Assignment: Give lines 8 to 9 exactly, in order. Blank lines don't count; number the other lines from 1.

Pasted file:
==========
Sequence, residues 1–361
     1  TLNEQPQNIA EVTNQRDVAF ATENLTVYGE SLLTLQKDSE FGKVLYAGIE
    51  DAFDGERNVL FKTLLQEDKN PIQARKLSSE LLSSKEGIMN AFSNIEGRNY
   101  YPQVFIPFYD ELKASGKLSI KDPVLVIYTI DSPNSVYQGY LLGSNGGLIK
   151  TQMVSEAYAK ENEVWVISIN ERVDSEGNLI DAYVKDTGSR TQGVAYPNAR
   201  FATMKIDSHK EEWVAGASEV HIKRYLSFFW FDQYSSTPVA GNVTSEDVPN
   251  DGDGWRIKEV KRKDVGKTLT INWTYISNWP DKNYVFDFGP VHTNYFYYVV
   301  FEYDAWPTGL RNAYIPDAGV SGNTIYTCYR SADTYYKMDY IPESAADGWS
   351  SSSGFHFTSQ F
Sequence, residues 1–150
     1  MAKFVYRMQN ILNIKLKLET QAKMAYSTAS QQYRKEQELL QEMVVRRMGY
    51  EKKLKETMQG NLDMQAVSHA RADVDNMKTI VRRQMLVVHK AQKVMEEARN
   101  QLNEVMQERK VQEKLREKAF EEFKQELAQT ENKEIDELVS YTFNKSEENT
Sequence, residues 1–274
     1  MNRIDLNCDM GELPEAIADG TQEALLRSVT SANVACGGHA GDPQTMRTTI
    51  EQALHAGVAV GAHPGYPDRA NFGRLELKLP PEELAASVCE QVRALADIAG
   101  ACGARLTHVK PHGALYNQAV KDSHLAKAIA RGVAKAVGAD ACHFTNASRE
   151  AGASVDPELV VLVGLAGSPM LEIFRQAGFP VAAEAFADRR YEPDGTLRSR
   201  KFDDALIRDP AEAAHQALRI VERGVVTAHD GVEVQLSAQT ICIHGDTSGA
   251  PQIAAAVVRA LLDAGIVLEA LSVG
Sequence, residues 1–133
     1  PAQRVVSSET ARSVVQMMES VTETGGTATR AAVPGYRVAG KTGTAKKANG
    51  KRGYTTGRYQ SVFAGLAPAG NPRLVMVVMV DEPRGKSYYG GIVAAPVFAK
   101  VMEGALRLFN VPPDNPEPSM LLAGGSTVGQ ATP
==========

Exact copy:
   301  FEYDAWPTGL RNAYIPDAGV SGNTIYTCYR SADTYYKMDY IPESAADGWS
   351  SSSGFHFTSQ F